(first posted 1/23/2013) One of the American automobile industry’s most unlikely milestones was Renault’s alliance and eventual ownership stake in AMC, and one of its most unlikely results has itself become a milestone in American automotive history: the Jeep XJ Cherokee. It’s ironic that the French would play a key role in financing, designing, engineering and building what has become one of the all-time iconic American cars, and the gateway drug to what has become The Great American SUV Epoch. Perhaps it should have been called the Jeep Liberté.
That the existing Jeep Wagoneer/Cherokee needed replacing was a foregone conclusion by the mid-lto-late seventies. What was actually a fairly compact (110″ wheelbase) wagon in 1963 was looking decidedly piggish after the first energy crisis. Taking it upscale as the woodsy Jeep Grand Wagoneer gave it a new lease on life, but that lease certainly wasn’t considered long-term at the time. A lighter, more efficient Cherokee/Wagoneer was going to be essential to Jeep’s future, especially in light of a federal mandate that all four-wheel drives average 15 mpg by 1981. But developing one was another matter.
In 1979, Renault was tapped for $150 million—the first of a number of cash injections—to finance, among other things, the development of the XJ. And to make sure its money was going to be spent wisely, Renault sent along one Francois Castaing to head up AMC’s product development. Castaing not only shepherded the XJ, but completely revamped AMC’s product development operations into a formidable machine that soon became the envy of the industry. Castaing’s approach to vehicle development would be adopted wholesale by Chrysler after it purchased AMC in 1987.
Castaing’s platform teams went on to revolutionize Chrysler, making its product development costs the industry’s lowest, and thus Chrysler’s profit margins the highest. That’s fodder for another story, but needless to say, Francois Castaing’s brilliance is all over the Cherokee; or, more like inside it…
The exterior design is credited to another man who has certainly shown moments of brilliance (and some lacking it): AMC’s Design Chief, Dick Teague. I wasn’t there, so who exactly on Dick’s staff first penned the Cherokee is anyone’s guess. But obviously it was a team effort, and undoubtedly its clarity of line and basic dimensions were spelled out in the XJ’s brief, as well as a degree of continuity with existing Jeep design. But Teague gets the points, and it certainly was a fine way to wrap up a somewhat uneven career at AMC (he left in 1983).
Renault wanted the Cherokee to be suitable for Europe, and Castaing made sure it was: The XJ was light (weighing as little as 3,100 lbs), thanks to its unibody construction and a watchful eye on every other detail, including these lightweight, Renault-designed center-rail front seats lifted right out of the Renault 9/11 and Alliance. It was a totally different approach than Ford and GM took with their new small SUVs: They simply shortened their compact pickups, which sat on traditional frames. As a consequence, the S-10 Blazer and Bronco II generally weighed up to several hundred pounds more than the Cherokee.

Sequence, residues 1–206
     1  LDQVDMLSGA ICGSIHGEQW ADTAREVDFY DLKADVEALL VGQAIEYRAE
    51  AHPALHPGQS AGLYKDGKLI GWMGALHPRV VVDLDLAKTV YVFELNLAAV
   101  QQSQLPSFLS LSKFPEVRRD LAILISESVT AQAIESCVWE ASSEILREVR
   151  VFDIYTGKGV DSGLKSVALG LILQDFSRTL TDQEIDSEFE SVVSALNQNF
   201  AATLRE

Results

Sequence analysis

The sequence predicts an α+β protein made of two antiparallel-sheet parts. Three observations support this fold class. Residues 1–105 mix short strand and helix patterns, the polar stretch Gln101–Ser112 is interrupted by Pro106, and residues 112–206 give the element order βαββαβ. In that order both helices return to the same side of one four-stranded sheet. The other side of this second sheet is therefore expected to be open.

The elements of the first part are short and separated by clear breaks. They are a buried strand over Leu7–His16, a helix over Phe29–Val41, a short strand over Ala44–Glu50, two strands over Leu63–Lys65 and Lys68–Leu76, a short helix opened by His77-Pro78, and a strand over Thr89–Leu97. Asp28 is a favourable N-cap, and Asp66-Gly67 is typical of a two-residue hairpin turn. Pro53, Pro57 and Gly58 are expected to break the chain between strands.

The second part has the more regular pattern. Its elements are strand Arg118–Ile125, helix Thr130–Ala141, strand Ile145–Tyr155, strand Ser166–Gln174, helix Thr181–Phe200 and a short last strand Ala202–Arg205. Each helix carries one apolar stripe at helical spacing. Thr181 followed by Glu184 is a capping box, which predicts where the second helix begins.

Perhaps the biggest single feather in the Cherokee’s war bonnet was that it was available as a four-door, unlike its competition. Presumably the overwhelming buyer preference for the four-door version surprised AMC, as the two-door was always rather scarce. But its practical advantages were obvious, especially with the segment of the market that clamored most eagerly for the new compact SUVs.
The XJ’s lightness and lower frontal area also resulted in higher EPA mileage ratings (unadjusted) for the Cherokee, although it was hardly a true miser unless powered by the 85-hp Renault 2.1-liter turbo-diesel four. That option intrigued—at least in theory—but it was not a popular one; after 1987, it was no longer available. Are there any still out there?
The base engine was AMC’s new 2.5 “Litre” OHV four (shown is a later 1999 version), based on the existing AMC six architecture but new in most respects. Rather than calling it a cut-down 258 six, it’s more correct to say the subsequent 4.0-liter Jeep six was a 2.5 four with two more cylinders. In any case, it has the same rep as the AMC sixes for being a tough and durable unit. It started life with 105 hp and a carb; later developments had injection and various ratings, all the way to 130 hp. What’s more, it was also used in the Laredo and the Dodge Dakota.
This hard-working four worked best with a stick, and it powered a not-too overburdened Cherokee well enough, at least for those with appropriate expectations.
The optional engine was the Chevy 60-degree 2.8 V6, rated at 115 hp. Why not the AMC six? Because the Cherokee was developed right during the worst-ever run up in oil and gas prices, when it was assumed that prices would keep climbing forever. Thus, the Cherokee’s engine compartment was designed for compact, short engines only, and not the big inline six.